News & Research Archive

Developers and Lenders: The Key to Stimulate the Economy

Jan 19, 2011

There are a number of inside jokes between real estate developers who have gone through the ups and downs of economic cycles that only developers themselves would appreciate. "Dear God, give me one more chance at a up cycle and I will not blow it this time." Or, "A dollar borrowed is a dollar earned". The truth of the matter is that being a developer is not a joke but a very serious game of risk and reward.

Developers today are facing serious challenges to survive and this country will not get out of any economic downturn until developers are allowed to develop. Developers are the key to the start of any recovery; they are an integral part of growth in business in both the public and private sectors. Developers jump-start all aspects of the real estate industry that supports contractors, architects, attorneys, real estate brokers and all of the service providers that support the end user in development projects. In one word Developers create "jobs". Yet when government discusses ways to stimulate our economy, we hear about public works projects but we don't hear about ways to stimulate "brick and mortar" projects to get developers back on their feet.

So what is stopping developers from developing? The simple answer is that there is no money for development projects. Lenders today will not lend to developers unless their projects are absolutely super-conservative no-risk with high equity input. Development is all about risks and more importantly requires a long timeline cycle before a project can start and be completed. What better time to develop than when you are in a down cycle so that by the time the project is complete, it is in a better position to be in a up cycle.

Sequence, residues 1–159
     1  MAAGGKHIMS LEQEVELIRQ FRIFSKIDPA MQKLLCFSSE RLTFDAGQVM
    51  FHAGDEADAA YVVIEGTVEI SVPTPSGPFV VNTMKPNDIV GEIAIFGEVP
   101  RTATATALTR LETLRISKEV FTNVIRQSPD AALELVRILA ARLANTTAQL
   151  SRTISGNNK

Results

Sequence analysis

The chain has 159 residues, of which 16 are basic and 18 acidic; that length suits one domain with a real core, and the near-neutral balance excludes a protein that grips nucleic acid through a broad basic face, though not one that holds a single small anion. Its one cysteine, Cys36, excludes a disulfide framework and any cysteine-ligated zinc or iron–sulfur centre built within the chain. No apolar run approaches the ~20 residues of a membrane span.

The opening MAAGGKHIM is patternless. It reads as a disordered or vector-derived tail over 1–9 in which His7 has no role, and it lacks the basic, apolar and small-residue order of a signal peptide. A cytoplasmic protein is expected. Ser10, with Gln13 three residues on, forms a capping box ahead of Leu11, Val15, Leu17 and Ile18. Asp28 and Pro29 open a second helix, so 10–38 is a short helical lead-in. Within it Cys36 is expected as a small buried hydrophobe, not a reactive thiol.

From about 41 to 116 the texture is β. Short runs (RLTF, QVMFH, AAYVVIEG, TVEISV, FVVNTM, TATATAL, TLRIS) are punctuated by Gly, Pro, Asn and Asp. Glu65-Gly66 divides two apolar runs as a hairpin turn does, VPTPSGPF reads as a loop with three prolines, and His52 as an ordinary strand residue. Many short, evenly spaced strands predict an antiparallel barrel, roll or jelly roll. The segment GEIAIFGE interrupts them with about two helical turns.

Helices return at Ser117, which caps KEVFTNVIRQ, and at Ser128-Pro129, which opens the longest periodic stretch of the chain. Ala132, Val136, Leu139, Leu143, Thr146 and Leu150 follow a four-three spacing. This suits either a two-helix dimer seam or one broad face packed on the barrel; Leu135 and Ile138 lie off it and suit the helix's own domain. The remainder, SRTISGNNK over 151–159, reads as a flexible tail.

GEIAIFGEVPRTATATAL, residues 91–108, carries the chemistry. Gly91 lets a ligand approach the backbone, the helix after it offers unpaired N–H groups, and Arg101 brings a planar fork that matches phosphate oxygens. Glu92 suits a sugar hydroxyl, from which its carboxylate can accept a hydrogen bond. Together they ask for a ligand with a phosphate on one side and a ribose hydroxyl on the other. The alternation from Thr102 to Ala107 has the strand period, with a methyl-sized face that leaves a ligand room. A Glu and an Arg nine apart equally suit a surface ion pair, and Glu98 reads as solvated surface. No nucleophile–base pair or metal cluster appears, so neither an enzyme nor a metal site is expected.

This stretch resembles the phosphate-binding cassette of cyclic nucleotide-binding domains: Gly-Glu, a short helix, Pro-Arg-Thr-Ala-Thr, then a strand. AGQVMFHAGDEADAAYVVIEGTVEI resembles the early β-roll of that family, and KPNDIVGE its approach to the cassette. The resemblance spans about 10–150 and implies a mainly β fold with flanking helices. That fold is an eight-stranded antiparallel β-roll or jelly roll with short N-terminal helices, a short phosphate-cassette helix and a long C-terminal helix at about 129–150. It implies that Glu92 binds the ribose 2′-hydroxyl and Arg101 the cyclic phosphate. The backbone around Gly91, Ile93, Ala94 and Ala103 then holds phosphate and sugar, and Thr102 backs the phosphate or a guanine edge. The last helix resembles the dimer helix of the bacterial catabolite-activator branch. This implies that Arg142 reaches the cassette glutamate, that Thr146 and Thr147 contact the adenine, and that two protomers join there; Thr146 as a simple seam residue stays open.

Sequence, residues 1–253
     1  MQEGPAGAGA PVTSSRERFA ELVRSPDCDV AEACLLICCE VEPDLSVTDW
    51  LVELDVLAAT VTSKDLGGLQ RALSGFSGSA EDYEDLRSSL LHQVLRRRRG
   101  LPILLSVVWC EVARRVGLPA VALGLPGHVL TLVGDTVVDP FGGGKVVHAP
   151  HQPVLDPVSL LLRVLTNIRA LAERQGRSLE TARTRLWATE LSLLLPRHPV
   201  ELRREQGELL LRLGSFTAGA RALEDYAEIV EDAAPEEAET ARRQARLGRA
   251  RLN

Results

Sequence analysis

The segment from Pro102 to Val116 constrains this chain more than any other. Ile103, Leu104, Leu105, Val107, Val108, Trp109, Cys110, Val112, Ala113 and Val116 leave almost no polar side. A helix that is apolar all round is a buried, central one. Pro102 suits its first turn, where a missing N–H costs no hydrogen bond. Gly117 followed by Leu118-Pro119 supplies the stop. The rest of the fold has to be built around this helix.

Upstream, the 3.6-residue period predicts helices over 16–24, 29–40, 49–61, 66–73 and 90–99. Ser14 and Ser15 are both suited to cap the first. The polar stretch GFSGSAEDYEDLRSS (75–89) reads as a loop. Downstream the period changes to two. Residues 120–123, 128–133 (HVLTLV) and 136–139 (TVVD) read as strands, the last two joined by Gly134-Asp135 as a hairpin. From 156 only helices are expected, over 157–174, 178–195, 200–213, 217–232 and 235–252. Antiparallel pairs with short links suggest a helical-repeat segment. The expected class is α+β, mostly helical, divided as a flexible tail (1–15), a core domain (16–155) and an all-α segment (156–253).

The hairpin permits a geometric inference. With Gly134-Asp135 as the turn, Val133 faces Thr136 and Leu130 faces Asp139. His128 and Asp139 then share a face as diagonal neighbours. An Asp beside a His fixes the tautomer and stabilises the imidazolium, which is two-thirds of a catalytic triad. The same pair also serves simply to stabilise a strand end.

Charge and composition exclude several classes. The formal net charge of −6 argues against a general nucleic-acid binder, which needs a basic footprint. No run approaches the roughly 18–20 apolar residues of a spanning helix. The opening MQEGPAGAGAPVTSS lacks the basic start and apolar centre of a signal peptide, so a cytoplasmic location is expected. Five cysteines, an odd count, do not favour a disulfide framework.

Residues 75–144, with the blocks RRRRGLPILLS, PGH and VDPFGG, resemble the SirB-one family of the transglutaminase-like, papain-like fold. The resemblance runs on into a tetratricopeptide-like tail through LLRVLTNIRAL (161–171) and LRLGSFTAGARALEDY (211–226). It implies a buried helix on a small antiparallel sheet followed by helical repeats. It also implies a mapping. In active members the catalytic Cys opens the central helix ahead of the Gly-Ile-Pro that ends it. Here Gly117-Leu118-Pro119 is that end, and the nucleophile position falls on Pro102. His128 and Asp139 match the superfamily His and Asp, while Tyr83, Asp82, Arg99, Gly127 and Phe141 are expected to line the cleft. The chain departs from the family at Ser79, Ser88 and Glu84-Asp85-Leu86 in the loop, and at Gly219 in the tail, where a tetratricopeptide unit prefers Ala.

Lenders today are so adverse to risk that any commercial projects that are pre-leased are not being funded. Lenders will not consider funding any project that does not involve AAA type corporate tenants. If your tenant mix includes independent operators who have good track records but lack deep financials, lenders will reject it. An example is a project in San Diego. A 40 million dollar development project hangs in the balance based on a local developer getting a lender to fund a project that is based upon a long-term lease with a very successful local grocery store operator. This operator only has one current store. However, the operator has a long track record of success running and eventually creating grocery store chains that were sold for huge numbers. This project sits on an abandoned site with boarded up buildings near a major freeway. This is the type of development that will help upgrade an area, provide new services to a large neighborhood and create both short term and long term jobs. Lenders continue to say no because the tenant is not strong enough.

So why are lenders being so conservative? They have to be; the federal government is demanding it. A key part of our economy is being held up by the feds creating unrealistic guidelines for lenders today and must change now. Yes, there is risk but the rewards are so much greater. Our so-called recovery is not deep and certainly cannot be sustained without a boost from construction. The Obama Administration needs to move now to free up credit for developers.


Written by: Hans Hansson


Hans Hansson is President of Starboard TCN Worldwide Real Estate Services as well as a member of the Board of Directors for TCN Worldwide Real Estate. Hans has been an active broker for over 26 years in the San Francisco Bay Area and specializes in office leasing and investments. If you have any questions or comments please email or call him at (415) 765-6897. You may also check out his website,

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